Included are checklists and notes to take for your current home and your new home. An inventory checklist of what you’re packing, what you’re selling, what you’re donating, what you need to buy, and a budget tracker to keep track of the expenses. Oftentimes there’s a nice tax benefit to moving, so if you keep track of things, it can pay off in the end!

What are your top three tips for someone who’s thinking about moving?

Only three? I have so many! 

My first tip would be to write everything down. Keep track of dates, contacts, what’s in each box, all of your details. Write it down and have a central location for all of your information because you’re going to be communicating with different parties. Whether you’re renting or you’re buying a new house, you have people you need to keep in contact with. You’re going to have to keep everything organized. Keep everything written down and then everything will be a lot less stressful when you have it all in one place. 

Another tip would be to get rid of as much as you can before you move. We’ve moved so many times and then found boxes that we were like, “Why did we ever pack this? We’ve never even used it!”. Sometimes it’s easier to pack things and just ship it and not go through it. But taking the time to go through things and get rid of what you don’t use or what you won’t be using in the future can make things much easier and cheaper. The weight of whatever you’re moving is less, less time for moving boxes, less time for you to pack and unpack. When you can get rid of things beforehand, you already know where you can donate things. Once you get to a new place and then you decide to get rid of stuff, it’s like adding a whole new piece of stress to the puzzle. So get rid of as much as you can before the move!

My third tip would be to plan for things to go off track and give yourself a little bit of grace. It’s never going to go perfect and there’s going to be a bump in the road at some point. Just know that there’s an end and eventually things will work themselves out. It might take a little bit longer than you originally planned or there might be pieces of the move that you have to kind of ‘rearrange’ or reschedule, but just know that in the end it’s going to work out. It’ll be okay.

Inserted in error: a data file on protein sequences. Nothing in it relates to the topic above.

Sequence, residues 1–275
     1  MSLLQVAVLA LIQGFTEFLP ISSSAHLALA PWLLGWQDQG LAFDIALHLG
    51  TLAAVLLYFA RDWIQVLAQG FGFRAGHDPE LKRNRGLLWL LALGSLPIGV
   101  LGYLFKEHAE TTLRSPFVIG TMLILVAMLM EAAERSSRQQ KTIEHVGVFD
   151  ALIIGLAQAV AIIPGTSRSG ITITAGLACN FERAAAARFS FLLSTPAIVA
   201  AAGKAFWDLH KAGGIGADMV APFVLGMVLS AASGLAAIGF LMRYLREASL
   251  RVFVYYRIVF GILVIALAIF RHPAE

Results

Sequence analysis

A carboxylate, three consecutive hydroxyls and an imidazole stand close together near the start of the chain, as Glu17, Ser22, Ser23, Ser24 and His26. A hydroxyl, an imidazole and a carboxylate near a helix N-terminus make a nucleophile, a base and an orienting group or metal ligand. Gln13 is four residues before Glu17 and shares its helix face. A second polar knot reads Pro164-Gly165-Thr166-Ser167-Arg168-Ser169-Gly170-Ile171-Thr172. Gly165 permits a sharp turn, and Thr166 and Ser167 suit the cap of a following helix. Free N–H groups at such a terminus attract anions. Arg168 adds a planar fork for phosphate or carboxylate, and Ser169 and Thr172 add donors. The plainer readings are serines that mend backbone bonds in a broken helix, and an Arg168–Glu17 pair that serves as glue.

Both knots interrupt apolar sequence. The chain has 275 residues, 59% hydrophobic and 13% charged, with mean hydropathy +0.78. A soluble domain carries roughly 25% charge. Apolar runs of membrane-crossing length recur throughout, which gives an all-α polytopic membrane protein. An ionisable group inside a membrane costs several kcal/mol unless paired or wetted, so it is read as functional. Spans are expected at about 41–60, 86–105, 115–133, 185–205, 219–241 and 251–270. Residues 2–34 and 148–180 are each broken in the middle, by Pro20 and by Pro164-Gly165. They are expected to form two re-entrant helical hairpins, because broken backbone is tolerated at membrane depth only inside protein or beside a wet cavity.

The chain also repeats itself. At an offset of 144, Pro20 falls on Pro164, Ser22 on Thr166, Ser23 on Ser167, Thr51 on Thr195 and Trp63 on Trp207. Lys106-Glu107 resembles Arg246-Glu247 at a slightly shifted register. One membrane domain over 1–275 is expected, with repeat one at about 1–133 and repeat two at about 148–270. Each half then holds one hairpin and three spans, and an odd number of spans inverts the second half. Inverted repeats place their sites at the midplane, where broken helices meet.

I know that are some red flags to look out for when you’re moving. What is your best advice when negotiating with movers? 

My one piece of advice is always request a ‘binding quote’. A binding quote means that whatever they give you as the estimate is the amount you pay at the end. Sometimes it can be more expensive because the company may overestimate to cover themselves, but you know what you’re paying at the end. You don’t want to get saddled with this couple thousand dollars extra charge because you had an extra set of stairs. They call it a ‘long carry’ where you have to carry items from your house to the moving truck if it’s beyond a certain distance. They can charge you extra for that. So there are lots of different ways they can throw in extra charges, but if you request a binding quote then they take all of that into consideration when they make the quote and then you know what you’re paying for in the end. 

Could you let us know again how to get your planner and if you offer any discounts for physician families?

Absolutely. Go to and there you’ll find all digital and physical relocation planners.  You can order directly on the site. If you use the code TMCXMMM you’ll get 20% off of your order!

Moving for residency or fellowship? Take our moving quiz to get a personalized checklist for your upcoming medical move!

  • Elizabeth is a Physician family advocate, Certified Life Coach for Physician Wives, EM wife of 20+ years, mother, and founder of The MedCommons – a marriage between her tech/business dev background and passion for helping physician families.